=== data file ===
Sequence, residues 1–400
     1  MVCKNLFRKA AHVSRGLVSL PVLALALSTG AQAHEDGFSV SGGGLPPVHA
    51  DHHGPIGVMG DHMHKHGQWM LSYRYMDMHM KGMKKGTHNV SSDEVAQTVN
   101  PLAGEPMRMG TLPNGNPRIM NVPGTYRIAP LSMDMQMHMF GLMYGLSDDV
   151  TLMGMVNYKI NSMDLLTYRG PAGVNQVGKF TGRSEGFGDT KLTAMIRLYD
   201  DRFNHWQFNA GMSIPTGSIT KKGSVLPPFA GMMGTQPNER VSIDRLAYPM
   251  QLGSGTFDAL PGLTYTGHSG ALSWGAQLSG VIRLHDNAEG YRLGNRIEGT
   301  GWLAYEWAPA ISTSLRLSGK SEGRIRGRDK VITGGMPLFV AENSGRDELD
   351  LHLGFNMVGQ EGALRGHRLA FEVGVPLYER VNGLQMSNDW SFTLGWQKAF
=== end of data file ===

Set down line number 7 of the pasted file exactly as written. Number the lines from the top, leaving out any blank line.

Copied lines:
   251  QLGSGTFDAL PGLTYTGHSG ALSWGAQLSG VIRLHDNAEG YRLGNRIEGT